A state channel operates as an autonomous network that converges with Hypergraph's Global L0. A state channel is an L0 subnet with its own business logic, technical infrastructure, and consensus model. Together, state channels form a distributed network that can accommodate big data in many real world contexts. You can think of a state channel as a microservice or a smarter smart contract.
The Hypergraph network is based on a generative economic system where all participants in the network benefit from the success of each individual node and state channel — the sum is greater than its parts in terms of security, throughput, and the economic growth of the network.
State Channels vs Smart Contracts
|State Channels||Smart Contracts|
|Free to define their own business logic, rewards, and metrics||Bound into an economic relationship with their blockchain (e.g. Ethereum)|
|They define their own custom parameters and can execute complex logic||Execute logic in a limited context based on pre-set conditions|
|They solve the oracle problem by validating data itself directly from real-world sources||They require an oracle to validate information from the real world|
|Able to process arbitrary data from multiple blockchains or any data sources||Limited to specific blockchains from which they emanate|
|Allows validation of multiple data types simultaneously due to HGTP’s horizontal data architecture||Slow and bottlenecked because of their built-in limitation on blockchain networks|
- Ability to accept, process and validate third party data from real world data sources. For example, state channels can accept data from sources such as cars, consumer electronics devices, temperature sensors, advertising exchanges, financial exchanges, or other blockchains and act upon triggers from these sources.
- Developers are able to integrate state channels directly into existing applications whether legacy or current, allowing for direct E2E security and frictionless deployment. Interoperability creates a seamless bridge for centralized systems to transition or incorporate elements of decentralization within their business model.
- Ability to accept, process and validate data from other blockchains. For example, state channels can accept data from other blockchains such as Ethereum.
Infinite Scalability and Speed
Hypergraph enables infinite horizontal scalability of the network, which enables state channels to use the bandwidth to run complex operations of huge sets of data in order to implement business logic. This also enables state channels to provide very fast and cost-efficient transactions ensuring that users do not have to wait for long periods of time or pay high gas fees in order to complete their transactions.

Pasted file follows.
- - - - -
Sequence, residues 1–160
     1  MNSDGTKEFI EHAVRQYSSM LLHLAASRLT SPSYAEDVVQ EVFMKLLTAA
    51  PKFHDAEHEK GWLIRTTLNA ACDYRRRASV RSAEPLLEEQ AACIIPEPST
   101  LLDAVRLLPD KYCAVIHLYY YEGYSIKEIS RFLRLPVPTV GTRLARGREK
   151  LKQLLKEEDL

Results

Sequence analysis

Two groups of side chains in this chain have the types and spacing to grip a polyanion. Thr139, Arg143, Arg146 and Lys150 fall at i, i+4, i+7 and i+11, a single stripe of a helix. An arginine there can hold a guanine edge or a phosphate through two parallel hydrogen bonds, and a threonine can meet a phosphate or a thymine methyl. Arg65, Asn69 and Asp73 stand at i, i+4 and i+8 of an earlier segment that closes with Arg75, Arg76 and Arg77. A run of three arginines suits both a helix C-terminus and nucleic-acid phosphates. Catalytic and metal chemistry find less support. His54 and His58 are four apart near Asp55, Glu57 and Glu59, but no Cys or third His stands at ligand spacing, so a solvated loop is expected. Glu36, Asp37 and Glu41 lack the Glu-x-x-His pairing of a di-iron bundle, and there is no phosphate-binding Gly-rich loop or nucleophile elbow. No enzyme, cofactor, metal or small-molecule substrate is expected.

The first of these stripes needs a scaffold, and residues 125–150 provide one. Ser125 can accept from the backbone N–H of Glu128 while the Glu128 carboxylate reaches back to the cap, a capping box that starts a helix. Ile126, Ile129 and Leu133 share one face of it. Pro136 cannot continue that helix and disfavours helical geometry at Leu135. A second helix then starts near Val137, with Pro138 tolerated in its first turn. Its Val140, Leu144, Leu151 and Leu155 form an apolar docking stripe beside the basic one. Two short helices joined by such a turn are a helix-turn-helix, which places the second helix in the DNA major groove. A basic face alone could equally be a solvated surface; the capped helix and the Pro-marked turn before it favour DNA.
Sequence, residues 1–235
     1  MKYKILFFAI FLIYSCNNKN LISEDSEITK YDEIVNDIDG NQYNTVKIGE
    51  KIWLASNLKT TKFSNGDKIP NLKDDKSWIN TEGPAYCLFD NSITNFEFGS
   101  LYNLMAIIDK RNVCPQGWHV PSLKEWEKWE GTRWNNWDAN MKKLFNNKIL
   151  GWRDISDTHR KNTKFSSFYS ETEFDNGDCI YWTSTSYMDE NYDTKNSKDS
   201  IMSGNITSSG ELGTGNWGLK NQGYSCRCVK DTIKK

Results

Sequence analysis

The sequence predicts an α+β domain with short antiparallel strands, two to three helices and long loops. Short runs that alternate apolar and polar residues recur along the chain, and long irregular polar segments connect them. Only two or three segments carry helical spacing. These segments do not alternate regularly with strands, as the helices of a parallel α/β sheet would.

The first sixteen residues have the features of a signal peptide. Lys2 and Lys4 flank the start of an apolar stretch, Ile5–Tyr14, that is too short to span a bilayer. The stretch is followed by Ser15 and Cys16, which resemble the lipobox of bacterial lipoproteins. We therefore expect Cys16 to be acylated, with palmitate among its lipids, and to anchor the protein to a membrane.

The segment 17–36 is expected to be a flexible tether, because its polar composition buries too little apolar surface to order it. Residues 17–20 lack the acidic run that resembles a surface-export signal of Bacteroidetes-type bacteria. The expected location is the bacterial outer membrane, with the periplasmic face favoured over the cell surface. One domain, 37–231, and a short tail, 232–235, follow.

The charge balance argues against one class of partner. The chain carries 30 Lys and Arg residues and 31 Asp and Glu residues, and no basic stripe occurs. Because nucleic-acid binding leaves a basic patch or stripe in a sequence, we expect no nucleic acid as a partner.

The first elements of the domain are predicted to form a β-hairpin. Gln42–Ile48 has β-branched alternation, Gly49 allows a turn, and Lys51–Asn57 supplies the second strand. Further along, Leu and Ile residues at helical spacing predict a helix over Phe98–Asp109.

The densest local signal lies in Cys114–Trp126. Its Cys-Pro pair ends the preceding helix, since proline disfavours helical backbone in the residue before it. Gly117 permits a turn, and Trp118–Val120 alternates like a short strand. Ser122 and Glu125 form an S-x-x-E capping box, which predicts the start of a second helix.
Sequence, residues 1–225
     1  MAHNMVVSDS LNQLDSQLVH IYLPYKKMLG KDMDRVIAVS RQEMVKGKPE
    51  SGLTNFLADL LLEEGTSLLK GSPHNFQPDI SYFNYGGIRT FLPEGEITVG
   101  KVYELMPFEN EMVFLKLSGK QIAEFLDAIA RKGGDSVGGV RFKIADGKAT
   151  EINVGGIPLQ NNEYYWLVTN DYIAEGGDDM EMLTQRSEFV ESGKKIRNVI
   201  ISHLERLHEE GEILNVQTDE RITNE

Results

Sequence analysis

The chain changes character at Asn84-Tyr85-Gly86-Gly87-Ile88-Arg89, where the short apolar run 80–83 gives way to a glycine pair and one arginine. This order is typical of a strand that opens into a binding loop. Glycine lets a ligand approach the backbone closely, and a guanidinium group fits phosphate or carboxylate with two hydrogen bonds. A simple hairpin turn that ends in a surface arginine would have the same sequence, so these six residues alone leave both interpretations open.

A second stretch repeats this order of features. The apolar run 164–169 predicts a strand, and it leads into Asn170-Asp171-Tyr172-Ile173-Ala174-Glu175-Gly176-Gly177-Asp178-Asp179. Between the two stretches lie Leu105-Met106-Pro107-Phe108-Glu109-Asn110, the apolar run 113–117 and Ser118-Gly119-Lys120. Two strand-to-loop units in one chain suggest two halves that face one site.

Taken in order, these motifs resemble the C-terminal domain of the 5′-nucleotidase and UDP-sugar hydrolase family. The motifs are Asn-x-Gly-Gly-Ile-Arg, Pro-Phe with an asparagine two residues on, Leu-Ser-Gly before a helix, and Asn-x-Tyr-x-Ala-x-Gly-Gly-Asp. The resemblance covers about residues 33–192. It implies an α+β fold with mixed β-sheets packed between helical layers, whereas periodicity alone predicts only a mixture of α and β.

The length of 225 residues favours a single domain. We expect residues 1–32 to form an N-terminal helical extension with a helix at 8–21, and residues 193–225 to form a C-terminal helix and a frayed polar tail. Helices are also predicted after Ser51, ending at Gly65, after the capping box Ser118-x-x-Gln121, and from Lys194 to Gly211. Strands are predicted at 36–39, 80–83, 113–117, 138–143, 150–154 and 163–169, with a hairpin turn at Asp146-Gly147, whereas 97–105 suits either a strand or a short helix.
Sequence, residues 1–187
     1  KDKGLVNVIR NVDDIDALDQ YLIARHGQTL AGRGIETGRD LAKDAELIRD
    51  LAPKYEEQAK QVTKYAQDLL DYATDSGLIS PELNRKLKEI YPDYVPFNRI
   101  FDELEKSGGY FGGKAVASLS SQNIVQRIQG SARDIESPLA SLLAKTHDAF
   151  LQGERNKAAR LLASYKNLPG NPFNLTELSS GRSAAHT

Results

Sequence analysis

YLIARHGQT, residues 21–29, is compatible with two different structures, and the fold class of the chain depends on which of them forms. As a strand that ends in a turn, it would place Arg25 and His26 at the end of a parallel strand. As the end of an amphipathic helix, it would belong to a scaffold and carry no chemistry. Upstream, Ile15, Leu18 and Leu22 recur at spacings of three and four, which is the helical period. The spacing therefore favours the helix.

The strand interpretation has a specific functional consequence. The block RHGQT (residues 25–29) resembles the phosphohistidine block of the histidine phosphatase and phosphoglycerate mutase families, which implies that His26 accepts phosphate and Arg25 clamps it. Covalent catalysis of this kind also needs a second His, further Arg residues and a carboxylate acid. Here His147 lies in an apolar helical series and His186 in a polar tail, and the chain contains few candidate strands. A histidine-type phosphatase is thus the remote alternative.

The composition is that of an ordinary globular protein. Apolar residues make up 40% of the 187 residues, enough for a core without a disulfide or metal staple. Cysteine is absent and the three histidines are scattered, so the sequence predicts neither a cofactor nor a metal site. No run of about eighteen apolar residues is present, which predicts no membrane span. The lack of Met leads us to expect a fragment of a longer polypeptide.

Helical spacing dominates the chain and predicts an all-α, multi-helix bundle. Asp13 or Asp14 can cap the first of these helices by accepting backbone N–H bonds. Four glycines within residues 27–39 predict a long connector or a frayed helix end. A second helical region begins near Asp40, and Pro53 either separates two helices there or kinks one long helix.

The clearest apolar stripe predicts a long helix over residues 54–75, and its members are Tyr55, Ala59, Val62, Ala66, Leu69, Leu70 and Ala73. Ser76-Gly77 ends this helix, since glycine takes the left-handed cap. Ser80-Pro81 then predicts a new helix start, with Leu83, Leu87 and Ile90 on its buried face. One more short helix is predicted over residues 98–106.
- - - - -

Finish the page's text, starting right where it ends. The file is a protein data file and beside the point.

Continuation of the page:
Custom Consensus Mechanisms
One of the most powerful features that Hypergraph provides state channels is the ability to define custom consensus mechanisms. This enables them to validate real-world data and implement complex business logic in a secure context. This is impossible on any other blockchain solution currently available on the market.
L0 Token Standard
- A state channel can mint their own L0 token on the network which can be used to assign value to data and create their own tokenomics which can be used to transact within the specific ecosystem, define specific business logic and reward node operators and users.
- A cell implementing the L0 standard interface has the ability to connect with existing L1 protocols and share meta-state for use cases such as swaps.
The Oracle Problem
A data oracle is a bridge between the blockchain and the real world. They provide on-chain APIs that send real world data to and from a smart contract. These oracles depend on off-chain data sources which feed in the data to the blockchain. These data sources are centralized components and are susceptible to problems with the integrity, validity and security of associated data. They are also susceptible to attacks by hackers who can change the behavior of the smart contract by controlling the data that drives these contracts. This is referred to as the the Oracle Problem.
The Hypergraph network makes it possible for any state channel to interoperate and exchange data with each other while orchestrating complex validation logic through each step of the consensus process, from its point of origin to its destination. This solves the Oracle Problem and enables the state of external off-chain data to be validated at its source and then incorporated on-chain.